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Gordon Murray's T.25 wins Idea of the Year

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November 17, 2008

November 18, 2008 Celebrated automative designer Gordon Murray was last night awarded the prestigious ‘Idea of the Year’ accolade at Autocar magazine’s annual awards ceremony for the T.25, a radical, innovative design for a new type and class of personal transport vehicle. Autocar’s editor Chas Hallett said, “Gordon Murray is looking to completely reinvent the cars that we buy and the way they are made. And from what we’ve seen it doesn’t get a much better idea than that”. Three of Murray's diminutive T.25 vehicles will fit in a single parking space.

“Innovation is only part of a process”, Gordon Murray said. “Our manufacturing process is a complete re-think on the way we build cars and will totally transform automobile production. We believe that the T.25 architecture and manufacturing process combined will represent the biggest step forward in our automotive world since the model T Ford, exactly 100 years ago”.

The Company’s manufacturing process brings with it the benefits of a massive reduction in capital investment and environmental damage. ‘Real world’ quotations for the new manufacturing process have shown that all the ambitious targets for a huge reduction in manufacturing, running and lifecycle CO2 damage reductions will be met or bettered.

The T.25 architecture includes a separate body/chassis assembly which can be adapted to many new powertrains, fuels and body styles. Prototype build of the T-25 will begin in early 2009. Gordon Murray Design is currently in the process of selecting potential customers and partners.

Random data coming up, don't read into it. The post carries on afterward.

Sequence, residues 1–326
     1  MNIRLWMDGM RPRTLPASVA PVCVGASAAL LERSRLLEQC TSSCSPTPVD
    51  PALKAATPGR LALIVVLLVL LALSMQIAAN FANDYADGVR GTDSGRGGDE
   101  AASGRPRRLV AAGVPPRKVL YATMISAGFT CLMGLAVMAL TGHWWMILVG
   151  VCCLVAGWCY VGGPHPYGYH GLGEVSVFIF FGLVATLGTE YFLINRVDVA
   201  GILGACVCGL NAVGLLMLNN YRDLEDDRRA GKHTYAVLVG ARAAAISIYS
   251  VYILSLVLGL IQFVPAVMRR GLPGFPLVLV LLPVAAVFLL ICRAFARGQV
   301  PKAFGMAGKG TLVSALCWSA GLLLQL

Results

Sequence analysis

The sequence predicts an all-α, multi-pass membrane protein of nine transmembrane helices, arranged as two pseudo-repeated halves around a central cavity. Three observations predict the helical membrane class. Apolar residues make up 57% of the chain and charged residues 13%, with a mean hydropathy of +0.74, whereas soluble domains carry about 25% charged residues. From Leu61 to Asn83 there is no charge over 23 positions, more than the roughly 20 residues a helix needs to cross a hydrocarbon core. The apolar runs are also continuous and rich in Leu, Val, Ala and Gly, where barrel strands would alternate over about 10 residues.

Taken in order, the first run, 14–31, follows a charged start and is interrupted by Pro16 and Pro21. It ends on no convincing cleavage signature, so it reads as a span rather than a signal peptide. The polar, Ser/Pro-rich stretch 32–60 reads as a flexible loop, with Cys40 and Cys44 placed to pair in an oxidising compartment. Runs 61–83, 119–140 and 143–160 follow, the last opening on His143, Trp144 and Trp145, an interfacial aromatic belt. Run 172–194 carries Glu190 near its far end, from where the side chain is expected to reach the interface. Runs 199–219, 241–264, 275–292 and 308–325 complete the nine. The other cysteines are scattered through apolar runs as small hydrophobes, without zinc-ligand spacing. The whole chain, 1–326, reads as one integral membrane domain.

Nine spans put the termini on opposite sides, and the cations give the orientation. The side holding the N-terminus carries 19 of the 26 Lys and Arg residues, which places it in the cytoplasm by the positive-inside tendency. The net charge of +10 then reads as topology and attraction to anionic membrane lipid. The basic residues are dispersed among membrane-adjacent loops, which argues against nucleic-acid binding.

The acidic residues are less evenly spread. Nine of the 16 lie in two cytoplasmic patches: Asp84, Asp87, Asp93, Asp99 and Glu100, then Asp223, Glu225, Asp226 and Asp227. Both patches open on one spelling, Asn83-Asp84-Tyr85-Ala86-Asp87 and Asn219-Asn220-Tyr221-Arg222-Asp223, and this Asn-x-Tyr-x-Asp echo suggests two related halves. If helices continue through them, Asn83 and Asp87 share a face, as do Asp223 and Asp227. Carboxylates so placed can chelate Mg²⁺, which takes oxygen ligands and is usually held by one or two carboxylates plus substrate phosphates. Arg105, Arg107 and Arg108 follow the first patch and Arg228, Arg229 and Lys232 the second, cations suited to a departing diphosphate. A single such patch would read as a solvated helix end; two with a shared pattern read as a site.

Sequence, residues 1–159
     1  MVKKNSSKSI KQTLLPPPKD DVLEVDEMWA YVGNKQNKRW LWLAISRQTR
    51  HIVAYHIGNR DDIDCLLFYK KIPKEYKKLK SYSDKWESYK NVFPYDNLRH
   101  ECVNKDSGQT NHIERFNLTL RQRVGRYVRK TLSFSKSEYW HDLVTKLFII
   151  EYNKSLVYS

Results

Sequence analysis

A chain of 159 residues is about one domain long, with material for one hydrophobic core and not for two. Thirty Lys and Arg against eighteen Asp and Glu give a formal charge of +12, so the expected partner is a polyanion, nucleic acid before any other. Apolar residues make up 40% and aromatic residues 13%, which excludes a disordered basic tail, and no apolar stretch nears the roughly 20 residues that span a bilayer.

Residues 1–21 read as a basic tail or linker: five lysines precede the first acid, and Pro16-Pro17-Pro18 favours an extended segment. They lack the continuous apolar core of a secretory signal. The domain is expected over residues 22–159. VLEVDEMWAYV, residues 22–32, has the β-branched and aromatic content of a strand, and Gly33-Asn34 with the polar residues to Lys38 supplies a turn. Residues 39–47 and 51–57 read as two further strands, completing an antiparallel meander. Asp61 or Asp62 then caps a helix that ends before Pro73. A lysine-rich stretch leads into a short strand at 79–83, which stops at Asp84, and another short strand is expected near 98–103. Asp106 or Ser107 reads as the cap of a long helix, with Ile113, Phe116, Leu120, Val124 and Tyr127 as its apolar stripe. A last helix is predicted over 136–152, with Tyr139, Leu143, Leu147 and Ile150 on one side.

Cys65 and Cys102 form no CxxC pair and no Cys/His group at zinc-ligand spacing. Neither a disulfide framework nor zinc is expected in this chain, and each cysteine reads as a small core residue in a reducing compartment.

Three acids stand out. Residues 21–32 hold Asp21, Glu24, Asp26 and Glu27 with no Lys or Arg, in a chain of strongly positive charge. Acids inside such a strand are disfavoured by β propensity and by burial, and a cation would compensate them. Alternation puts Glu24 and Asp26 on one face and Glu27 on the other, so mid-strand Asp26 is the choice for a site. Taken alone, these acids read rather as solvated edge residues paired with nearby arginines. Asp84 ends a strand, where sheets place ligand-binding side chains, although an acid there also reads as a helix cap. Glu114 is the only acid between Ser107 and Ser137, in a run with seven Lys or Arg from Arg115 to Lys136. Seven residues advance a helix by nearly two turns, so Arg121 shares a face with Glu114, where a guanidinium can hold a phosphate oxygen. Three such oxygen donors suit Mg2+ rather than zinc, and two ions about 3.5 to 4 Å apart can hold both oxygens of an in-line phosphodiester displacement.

The Company can offer anything from a simple licensing agreement for the manufacturing I.P through to a turn-key car programme to Job 1, including factory building design and assembly line layout. The T.25, the first example to use the manufacturing process, is completed in principal and prototype build will begin in early 2009.

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About the Author
Mike Hanlon Mike grew up thinking he would become a mathematician, accidentally started motorcycle racing, got a job writing road tests for a motorcycle magazine while at university, and became a writer. As a travelling photojournalist during his early career, his work was published in a dozen languages across 20+ countries. He went on to edit or manage over 50 print publications, with target audiences ranging from pensioners to plumbers, many different sports, many car and motorcycle magazines, with many more in the fields of communication - narrow subject magazines on topics such as advertising, marketing, visual communications, design, presentation and direct marketing. Then came the internet and Mike managed internet projects for Australia's largest multimedia company, Telstra.com.au (Australia's largest Telco), Seek.com.au (Australia's largest employment site), top100.com.au, hitwise.com, and a dozen other internet start-ups before founding Gizmag in 2002. Now he writes and thinks. All articles by Mike Hanlon
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1 Comment

Uh-yeah...I mean, NO. While such a design might work in other countries, it's success is destined to fail in the United States. In a country where people shoot you for driving too slow, run you off the road, or generally just don't like the way you look, a car like this will only exacerbate the issue. 0-60mph times are probably somewhere beyond 30 seconds...and honestly, I don't think I want to go 60mph in this thing! And one other thing...windshield? Meet face! Imagine the hamburger from a collision between this thing and an 18 wheeler! Or even a Ford Excursion, or Cadilac Escalade! People who design things like this do not understand the relationship between a person and their car... This car design kinda reminds me of the faceless children in Pink Floyd's "The Wall" videos... Ed web/gadget guru

Ed
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